Pittsburgh's Tallest Building is Getting Greener
The tallest structure between Chicago and Philadelphia is the 64-floor US Steel Tower in the heart of downtown Pittsburgh. The University of Pittsburgh Medical Center (UPMC) occupies 40 percent of the building, or roughly 900,000 square feet of office space, spread across 23 floors. As UPMC’s sustainability consultant, evolveEA, has been managing the global health enterprise’s efforts to systematically retrofit these spaces to LEED standards in a series of project phases. Between 2007 and 2013, more than half of UPMC’s occupied floors in the US Steel Tower have achieved at least basic LEED certification, with floors 8, 9, 12, 25 and 55 achieving LEED Silver. The remaining floors are currently under construction and are targeting LEED Silver certification, expected in 2014.
With the help of evolveEA, Winthrop Management and UPMC’s initiatives have included:
- Lighting: Installation of a Lutron light control system which allows for the same lighting power but 15-25% less energy use, and of occupancy sensors and daylight responsive controls which ensure the lights aren’t on when not in use. The new system also has extremely low mercury content as compared to previous light bulbs.
- Renewable energy: UPMC is purchasing 100 percent renewable or green electricity for the newest construction projects (on floors 5, 7, 8, 9, 11, 12, 14, 25, 31, 40, 41, 42, and 55).
- Efficient equipment: All new appliances and computers purchased for these floors is EnergyStar approved.
- Water efficiency: Installation of low-flow and dual flush toilets to reduce water consumption. Floors that have achieved Silver certification are 30 percent more efficient than comparable floors.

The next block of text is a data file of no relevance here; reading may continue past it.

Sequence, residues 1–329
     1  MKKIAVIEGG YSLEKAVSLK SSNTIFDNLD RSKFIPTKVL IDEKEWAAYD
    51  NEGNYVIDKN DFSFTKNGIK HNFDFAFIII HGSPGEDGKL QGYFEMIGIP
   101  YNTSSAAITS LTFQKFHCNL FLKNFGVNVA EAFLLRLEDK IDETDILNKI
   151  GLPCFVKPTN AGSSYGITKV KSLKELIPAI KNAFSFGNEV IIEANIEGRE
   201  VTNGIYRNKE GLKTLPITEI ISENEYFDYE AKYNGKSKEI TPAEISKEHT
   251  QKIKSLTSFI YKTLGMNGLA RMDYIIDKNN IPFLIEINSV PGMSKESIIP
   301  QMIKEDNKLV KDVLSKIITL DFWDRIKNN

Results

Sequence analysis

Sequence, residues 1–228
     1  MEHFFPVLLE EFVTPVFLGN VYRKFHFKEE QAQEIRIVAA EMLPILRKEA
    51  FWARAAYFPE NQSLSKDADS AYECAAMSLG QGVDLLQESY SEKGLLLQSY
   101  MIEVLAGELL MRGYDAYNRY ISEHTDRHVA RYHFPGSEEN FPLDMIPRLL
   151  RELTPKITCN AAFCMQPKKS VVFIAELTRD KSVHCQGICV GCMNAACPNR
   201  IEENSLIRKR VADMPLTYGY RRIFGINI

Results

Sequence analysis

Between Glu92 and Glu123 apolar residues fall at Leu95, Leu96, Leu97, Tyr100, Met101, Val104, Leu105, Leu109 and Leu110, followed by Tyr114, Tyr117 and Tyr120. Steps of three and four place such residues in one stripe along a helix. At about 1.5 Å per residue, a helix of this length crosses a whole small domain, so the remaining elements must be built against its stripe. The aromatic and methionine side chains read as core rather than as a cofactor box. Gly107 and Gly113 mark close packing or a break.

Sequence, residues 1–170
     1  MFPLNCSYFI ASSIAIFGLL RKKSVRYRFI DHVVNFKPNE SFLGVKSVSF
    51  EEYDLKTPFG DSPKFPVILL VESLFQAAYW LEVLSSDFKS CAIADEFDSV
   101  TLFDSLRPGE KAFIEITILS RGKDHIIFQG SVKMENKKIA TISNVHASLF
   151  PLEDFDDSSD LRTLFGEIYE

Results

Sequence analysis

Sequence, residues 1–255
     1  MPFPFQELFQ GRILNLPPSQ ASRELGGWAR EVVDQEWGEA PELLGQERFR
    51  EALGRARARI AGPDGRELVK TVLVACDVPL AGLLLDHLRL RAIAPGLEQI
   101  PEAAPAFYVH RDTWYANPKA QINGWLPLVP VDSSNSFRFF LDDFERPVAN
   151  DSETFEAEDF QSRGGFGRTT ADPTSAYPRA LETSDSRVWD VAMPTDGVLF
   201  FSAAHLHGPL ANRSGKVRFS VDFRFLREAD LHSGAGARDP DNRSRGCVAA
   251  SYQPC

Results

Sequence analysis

- Sustainable materials: At least 20 percent of the supplies purchased for the LEED-certified floors come from recycled materials. Adhesives, sealants, paints, flooring, composite wood and furniture contain little or no volatile organic compounds (VOCs). Plus, 75 percent of the construction waste on LEED-certified floors is diverted from landfills.
“Through the pursuit of LEED certification, there are a number of sustainability initiatives that UPMC has undertaken that are above and beyond conventional construction,” notes Marc Mondor, Principal at evolveEA. “As UPMC has full service leases at the Steel Tower, they don’t pay their electric and heating bills. Yet even though UPMC does not benefit from the financial savings of increased efficiency, these strategies are still pursued because it’s the right thing to do. These measures lessen environmental impact and create healthier environments for employees and visitors.”
Winthrop Management has also signed the US Steel Tower on to the Pittsburgh 2030 District challenge, a public-private partnership to create a high-performance and energy-efficient building district in downtown Pittsburgh by the year 2030. As part of this challenge, businesses are committing to reduce energy usage 50 percent over the next 17 years.
“UPMC and Winthrop’s work at the US Steel building exemplifies how a landlord and tenant can work together to achieve significant energy and water reductions, cost savings, and ongoing sustainability improvement,” added Mondor. “Through our work together, evolveEA has helped strategically target improvements that are resulting in substantial savings for both Winthrop and UPMC.”
evolveEA is a nimble multidisciplinary practice situated at the intersection of sustainability and the built environment. We help individuals, communities, and organizations take strategic action by positioning clients in a larger context of change, strengthening strategic positioning and enabling clients to demonstrate leadership. We look through three lenses of sustainability: People, ...
Other Posts by evolve environment::architecture
Sustainable Cities Collective
- Green Buildings Alive
- Kaid Benfield
- This Big City
- Tyler Caine
- Centre for Cities
- Julian Dobson
- Polis Inclusive
- Kristen Jeffers
- Warren Karlenzig
- David Levinson
- Adam Nathaniel Mayer
- Scott J Morrison
- Daniel Nairn
- Project for Public Spaces
- Douglas Reiser
- Jim Russell
- Neil Takemoto
- Renée van Staveren
- Chuck Wolfe